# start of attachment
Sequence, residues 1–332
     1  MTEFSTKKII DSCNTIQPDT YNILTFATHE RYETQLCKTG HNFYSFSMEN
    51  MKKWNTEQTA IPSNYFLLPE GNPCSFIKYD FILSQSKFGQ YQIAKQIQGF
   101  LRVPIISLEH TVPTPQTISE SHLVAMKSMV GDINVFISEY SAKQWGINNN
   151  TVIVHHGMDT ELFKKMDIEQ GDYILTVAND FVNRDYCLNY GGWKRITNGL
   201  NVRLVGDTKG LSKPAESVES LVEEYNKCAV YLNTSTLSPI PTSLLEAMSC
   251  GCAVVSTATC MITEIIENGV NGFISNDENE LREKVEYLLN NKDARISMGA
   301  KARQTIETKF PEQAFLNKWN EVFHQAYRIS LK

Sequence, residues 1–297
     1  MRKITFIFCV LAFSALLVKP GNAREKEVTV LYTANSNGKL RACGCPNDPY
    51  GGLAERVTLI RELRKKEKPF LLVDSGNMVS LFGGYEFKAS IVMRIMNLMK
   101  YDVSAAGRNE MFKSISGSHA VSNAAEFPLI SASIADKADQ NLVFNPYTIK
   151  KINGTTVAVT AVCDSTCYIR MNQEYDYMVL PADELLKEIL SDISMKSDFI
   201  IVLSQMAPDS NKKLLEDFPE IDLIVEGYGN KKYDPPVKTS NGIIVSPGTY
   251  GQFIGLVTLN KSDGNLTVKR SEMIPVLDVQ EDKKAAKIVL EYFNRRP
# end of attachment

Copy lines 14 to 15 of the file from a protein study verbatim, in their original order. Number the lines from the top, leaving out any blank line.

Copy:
   201  IVLSQMAPDS NKKLLEDFPE IDLIVEGYGN KKYDPPVKTS NGIIVSPGTY
   251  GQFIGLVTLN KSDGNLTVKR SEMIPVLDVQ EDKKAAKIVL EYFNRRP